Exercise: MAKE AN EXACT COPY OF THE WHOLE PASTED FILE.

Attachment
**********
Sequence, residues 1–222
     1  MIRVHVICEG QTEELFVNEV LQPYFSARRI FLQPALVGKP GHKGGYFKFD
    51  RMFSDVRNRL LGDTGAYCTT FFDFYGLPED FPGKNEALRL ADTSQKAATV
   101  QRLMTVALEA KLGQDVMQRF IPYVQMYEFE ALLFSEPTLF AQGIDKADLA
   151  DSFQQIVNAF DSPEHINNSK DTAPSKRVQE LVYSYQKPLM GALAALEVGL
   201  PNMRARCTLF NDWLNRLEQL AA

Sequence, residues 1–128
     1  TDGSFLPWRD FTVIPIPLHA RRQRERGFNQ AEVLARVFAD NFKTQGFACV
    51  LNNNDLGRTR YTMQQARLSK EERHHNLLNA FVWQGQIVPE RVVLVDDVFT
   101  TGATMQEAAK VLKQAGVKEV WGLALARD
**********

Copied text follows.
Sequence, residues 1–222
     1  MIRVHVICEG QTEELFVNEV LQPYFSARRI FLQPALVGKP GHKGGYFKFD
    51  RMFSDVRNRL LGDTGAYCTT FFDFYGLPED FPGKNEALRL ADTSQKAATV
   101  QRLMTVALEA KLGQDVMQRF IPYVQMYEFE ALLFSEPTLF AQGIDKADLA
   151  DSFQQIVNAF DSPEHINNSK DTAPSKRVQE LVYSYQKPLM GALAALEVGL
   201  PNMRARCTLF NDWLNRLEQL AA

Sequence, residues 1–128
     1  TDGSFLPWRD FTVIPIPLHA RRQRERGFNQ AEVLARVFAD NFKTQGFACV
    51  LNNNDLGRTR YTMQQARLSK EERHHNLLNA FVWQGQIVPE RVVLVDDVFT
   101  TGATMQEAAK VLKQAGVKEV WGLALARD